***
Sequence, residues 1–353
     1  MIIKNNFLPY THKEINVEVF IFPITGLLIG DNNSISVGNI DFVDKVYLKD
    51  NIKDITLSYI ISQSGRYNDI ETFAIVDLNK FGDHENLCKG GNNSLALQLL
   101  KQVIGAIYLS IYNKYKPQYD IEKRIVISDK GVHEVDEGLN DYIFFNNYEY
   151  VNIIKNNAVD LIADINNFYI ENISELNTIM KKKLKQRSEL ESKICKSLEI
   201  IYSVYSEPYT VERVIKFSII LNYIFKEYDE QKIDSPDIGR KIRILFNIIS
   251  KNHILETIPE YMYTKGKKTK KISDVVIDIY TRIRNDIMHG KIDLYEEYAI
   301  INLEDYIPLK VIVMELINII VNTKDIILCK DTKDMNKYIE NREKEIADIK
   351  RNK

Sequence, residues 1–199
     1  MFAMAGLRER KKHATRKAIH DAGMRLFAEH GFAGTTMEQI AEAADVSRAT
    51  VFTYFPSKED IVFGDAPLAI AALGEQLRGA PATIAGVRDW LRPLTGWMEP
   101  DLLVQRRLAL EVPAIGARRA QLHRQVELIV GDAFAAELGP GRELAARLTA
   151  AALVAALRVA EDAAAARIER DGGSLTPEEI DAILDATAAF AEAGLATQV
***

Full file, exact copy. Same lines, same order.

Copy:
Sequence, residues 1–353
     1  MIIKNNFLPY THKEINVEVF IFPITGLLIG DNNSISVGNI DFVDKVYLKD
    51  NIKDITLSYI ISQSGRYNDI ETFAIVDLNK FGDHENLCKG GNNSLALQLL
   101  KQVIGAIYLS IYNKYKPQYD IEKRIVISDK GVHEVDEGLN DYIFFNNYEY
   151  VNIIKNNAVD LIADINNFYI ENISELNTIM KKKLKQRSEL ESKICKSLEI
   201  IYSVYSEPYT VERVIKFSII LNYIFKEYDE QKIDSPDIGR KIRILFNIIS
   251  KNHILETIPE YMYTKGKKTK KISDVVIDIY TRIRNDIMHG KIDLYEEYAI
   301  INLEDYIPLK VIVMELINII VNTKDIILCK DTKDMNKYIE NREKEIADIK
   351  RNK

Sequence, residues 1–199
     1  MFAMAGLRER KKHATRKAIH DAGMRLFAEH GFAGTTMEQI AEAADVSRAT
    51  VFTYFPSKED IVFGDAPLAI AALGEQLRGA PATIAGVRDW LRPLTGWMEP
   101  DLLVQRRLAL EVPAIGARRA QLHRQVELIV GDAFAAELGP GRELAARLTA
   151  AALVAALRVA EDAAAARIER DGGSLTPEEI DAILDATAAF AEAGLATQV